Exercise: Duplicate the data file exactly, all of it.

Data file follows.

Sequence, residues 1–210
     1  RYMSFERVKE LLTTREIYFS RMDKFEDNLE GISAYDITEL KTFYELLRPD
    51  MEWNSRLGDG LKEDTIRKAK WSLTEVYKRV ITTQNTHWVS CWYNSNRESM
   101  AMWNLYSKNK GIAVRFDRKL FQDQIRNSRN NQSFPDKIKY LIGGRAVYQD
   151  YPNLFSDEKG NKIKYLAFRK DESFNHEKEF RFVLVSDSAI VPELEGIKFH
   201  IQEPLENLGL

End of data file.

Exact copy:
Sequence, residues 1–210
     1  RYMSFERVKE LLTTREIYFS RMDKFEDNLE GISAYDITEL KTFYELLRPD
    51  MEWNSRLGDG LKEDTIRKAK WSLTEVYKRV ITTQNTHWVS CWYNSNRESM
   101  AMWNLYSKNK GIAVRFDRKL FQDQIRNSRN NQSFPDKIKY LIGGRAVYQD
   151  YPNLFSDEKG NKIKYLAFRK DESFNHEKEF RFVLVSDSAI VPELEGIKFH
   201  IQEPLENLGL